News / Europe

    Dwarfed by Russian Might, Ukraine Plans New Force

    Ukrainian soldiers outside the Ukrainian infantry base in Perevalne, Ukraine, March 12, 2014.
    Ukrainian soldiers outside the Ukrainian infantry base in Perevalne, Ukraine, March 12, 2014.
    Reuters
    Some 40,000 volunteers have come forward to join a proposed new National Guard, Ukraine's new pro-Western authorities say, a tentative first step towards overhauling a military outgunned and outmanned by Russia.

    With Ukraine's Crimea peninsula firmly in the grip of Russian forces, parliament on Thursday considers a bill to create a 33,000-strong force.

    Initiated by Acting President Oleksander Turchinov, who this week outlined the sorry state of the armed forces, the bill tasks the guard with maintaining public order, protecting sites like nuclear power plants and “upholding the constitutional order and restoring the activity of state bodies”.

    Turchinov became interim head of state after three months of mass protests culminated in the overthrow of Russian-backed President Viktor Yanukovich, angering Moscow and triggering the worst East-West crisis since the Cold War.

    “As of today, Ukraine's military enlistment offices have registered 40,000 volunteers,” an official statement quoted Andriy Parubiy, secretary of the National Security and Defense Council, as saying. “Already tomorrow, the self-defense forces and activists of the Maidan will start their training.”

    Parubiy was referring to Kiev's Independence Square, focus of the protests since late November. He earned public admiration as the “chief of staff”, responsible for maintaining order on the square during gatherings of up to a million demonstrators.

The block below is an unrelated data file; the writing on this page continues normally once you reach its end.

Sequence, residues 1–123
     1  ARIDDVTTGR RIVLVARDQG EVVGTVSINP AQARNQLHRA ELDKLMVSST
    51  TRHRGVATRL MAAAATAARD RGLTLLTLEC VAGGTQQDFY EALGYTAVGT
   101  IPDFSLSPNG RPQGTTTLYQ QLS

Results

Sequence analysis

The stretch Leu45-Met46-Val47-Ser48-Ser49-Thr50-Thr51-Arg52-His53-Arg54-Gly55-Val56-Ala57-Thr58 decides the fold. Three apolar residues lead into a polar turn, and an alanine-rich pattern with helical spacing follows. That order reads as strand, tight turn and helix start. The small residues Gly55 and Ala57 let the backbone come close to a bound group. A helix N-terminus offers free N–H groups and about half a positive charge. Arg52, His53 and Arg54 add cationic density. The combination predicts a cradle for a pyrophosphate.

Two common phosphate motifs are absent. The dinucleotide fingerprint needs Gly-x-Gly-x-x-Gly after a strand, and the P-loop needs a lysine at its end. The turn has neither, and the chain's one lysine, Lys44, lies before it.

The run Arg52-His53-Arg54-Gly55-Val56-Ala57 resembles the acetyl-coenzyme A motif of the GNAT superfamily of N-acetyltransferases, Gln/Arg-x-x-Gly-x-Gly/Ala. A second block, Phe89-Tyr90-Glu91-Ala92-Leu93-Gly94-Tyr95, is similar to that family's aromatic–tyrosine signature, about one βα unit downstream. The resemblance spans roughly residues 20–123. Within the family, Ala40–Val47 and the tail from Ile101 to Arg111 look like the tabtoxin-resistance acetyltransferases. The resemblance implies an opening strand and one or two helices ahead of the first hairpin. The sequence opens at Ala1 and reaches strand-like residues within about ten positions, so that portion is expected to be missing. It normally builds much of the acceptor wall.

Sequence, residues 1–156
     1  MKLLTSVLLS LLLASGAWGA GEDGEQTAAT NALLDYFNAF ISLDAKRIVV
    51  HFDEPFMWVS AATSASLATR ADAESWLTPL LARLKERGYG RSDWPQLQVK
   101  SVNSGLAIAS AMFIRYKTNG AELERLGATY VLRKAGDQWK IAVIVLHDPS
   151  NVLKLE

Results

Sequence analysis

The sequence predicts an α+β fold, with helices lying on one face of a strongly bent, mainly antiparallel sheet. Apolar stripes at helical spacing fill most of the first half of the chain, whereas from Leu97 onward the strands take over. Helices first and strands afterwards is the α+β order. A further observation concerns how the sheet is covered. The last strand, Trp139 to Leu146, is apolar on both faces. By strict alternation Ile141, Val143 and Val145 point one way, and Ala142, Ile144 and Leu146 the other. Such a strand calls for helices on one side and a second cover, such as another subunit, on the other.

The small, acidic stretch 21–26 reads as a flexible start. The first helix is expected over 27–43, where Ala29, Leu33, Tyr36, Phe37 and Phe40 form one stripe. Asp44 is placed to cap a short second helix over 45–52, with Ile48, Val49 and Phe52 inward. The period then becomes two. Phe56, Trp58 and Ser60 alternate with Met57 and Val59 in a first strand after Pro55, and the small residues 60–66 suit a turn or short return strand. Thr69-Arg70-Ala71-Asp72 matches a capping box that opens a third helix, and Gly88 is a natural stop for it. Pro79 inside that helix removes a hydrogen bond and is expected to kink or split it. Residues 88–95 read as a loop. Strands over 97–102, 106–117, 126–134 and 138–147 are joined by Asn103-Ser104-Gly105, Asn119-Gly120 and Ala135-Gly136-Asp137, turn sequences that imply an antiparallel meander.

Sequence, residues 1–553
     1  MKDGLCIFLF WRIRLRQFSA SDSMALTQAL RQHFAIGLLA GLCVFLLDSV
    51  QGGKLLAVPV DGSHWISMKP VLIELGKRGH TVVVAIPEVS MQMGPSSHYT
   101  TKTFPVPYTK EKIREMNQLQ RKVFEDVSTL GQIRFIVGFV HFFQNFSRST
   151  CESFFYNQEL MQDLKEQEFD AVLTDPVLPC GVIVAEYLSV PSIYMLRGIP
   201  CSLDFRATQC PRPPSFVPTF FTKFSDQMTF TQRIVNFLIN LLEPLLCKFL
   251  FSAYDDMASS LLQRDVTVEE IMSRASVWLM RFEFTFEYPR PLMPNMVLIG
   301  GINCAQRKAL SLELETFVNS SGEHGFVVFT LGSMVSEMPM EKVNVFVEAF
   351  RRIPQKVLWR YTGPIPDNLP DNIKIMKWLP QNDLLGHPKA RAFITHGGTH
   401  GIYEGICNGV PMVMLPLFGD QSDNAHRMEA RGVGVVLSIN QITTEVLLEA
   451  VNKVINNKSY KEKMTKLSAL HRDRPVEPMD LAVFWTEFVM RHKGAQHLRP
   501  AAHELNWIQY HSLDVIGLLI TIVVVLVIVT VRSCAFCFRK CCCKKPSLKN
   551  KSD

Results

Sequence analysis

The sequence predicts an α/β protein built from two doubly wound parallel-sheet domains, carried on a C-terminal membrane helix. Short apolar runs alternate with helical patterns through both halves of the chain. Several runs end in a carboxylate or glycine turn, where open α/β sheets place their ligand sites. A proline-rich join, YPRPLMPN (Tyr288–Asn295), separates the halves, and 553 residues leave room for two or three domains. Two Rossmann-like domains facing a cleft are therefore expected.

Turchinov told parliament on Tuesday that mismanagement under the ousted Yanukovich meant the armed forces had to be rebuilt “effectively from scratch”.

    The acting defense minister said Ukraine had only 6,000 combat-ready infantry compared to more than 200,000 Russian troops on its eastern borders.

    Among the dozens of men in combat gear still camped out on Independence Square and vowing to remain until they are satisfied with the new government, there was both interest and skepticism towards the new force.

    Kolya Bondar, who leads a group calling itself the 4th Cossack Hundred, wanted more details of the government's plan. He suggested that, like citizen armies in Switzerland or Israel, civilians should be encouraged to keep rifles at home.

    “I've heard of it,” a man called Mykola said uncertainly. “Sure. We're ready to fight Russia. We'll push them all the way to Siberia.”

    Boosting defense

    The creation of a National Guard is one of several measures under consideration to bolster defense capabilities. Exercises involving tanks, artillery and infantry get under way this week in western and northern Ukraine.

    An earlier post-Soviet attempt to create a force patterned on the U.S. National Guard collapsed in the 1990s, with servicemen transferred to other military bodies.

    And not all experts believe the new force will prove useful.

    “At the moment, the main task is to strengthen the armed forces and marshal resources to enlarge them. This is not the most appropriate time to be creating a national guard,” said military analyst Sergei Zgurets.

    “It would be more useful to talk about a national guard later when we start proceeding with real military reforms. How is this new institution to be armed, what will be its tasks? While we engage in discussions, we are losing lots of time.”

    Parliament, with a reputation for fractiousness in the more than two decades since the Soviet Union collapsed, has so far passed by large majorities all legislation presented since the pro-Western leaders took power late last month.

    Back on the square, a man wearing a badge of the Maidan “self-defense force” said he had served in the first shortlived national guard as a warrant officer in the 1990s, when Ukraine's authorities cut short earlier attempts in Crimea to promote pro-Russian separatism.

    “It would be very hard for us to fight Russia. We don't have the weapons,” he said. “But they are fighting for money and we are fighting for our souls, our families. So there could be some kind of partisan warfare.”

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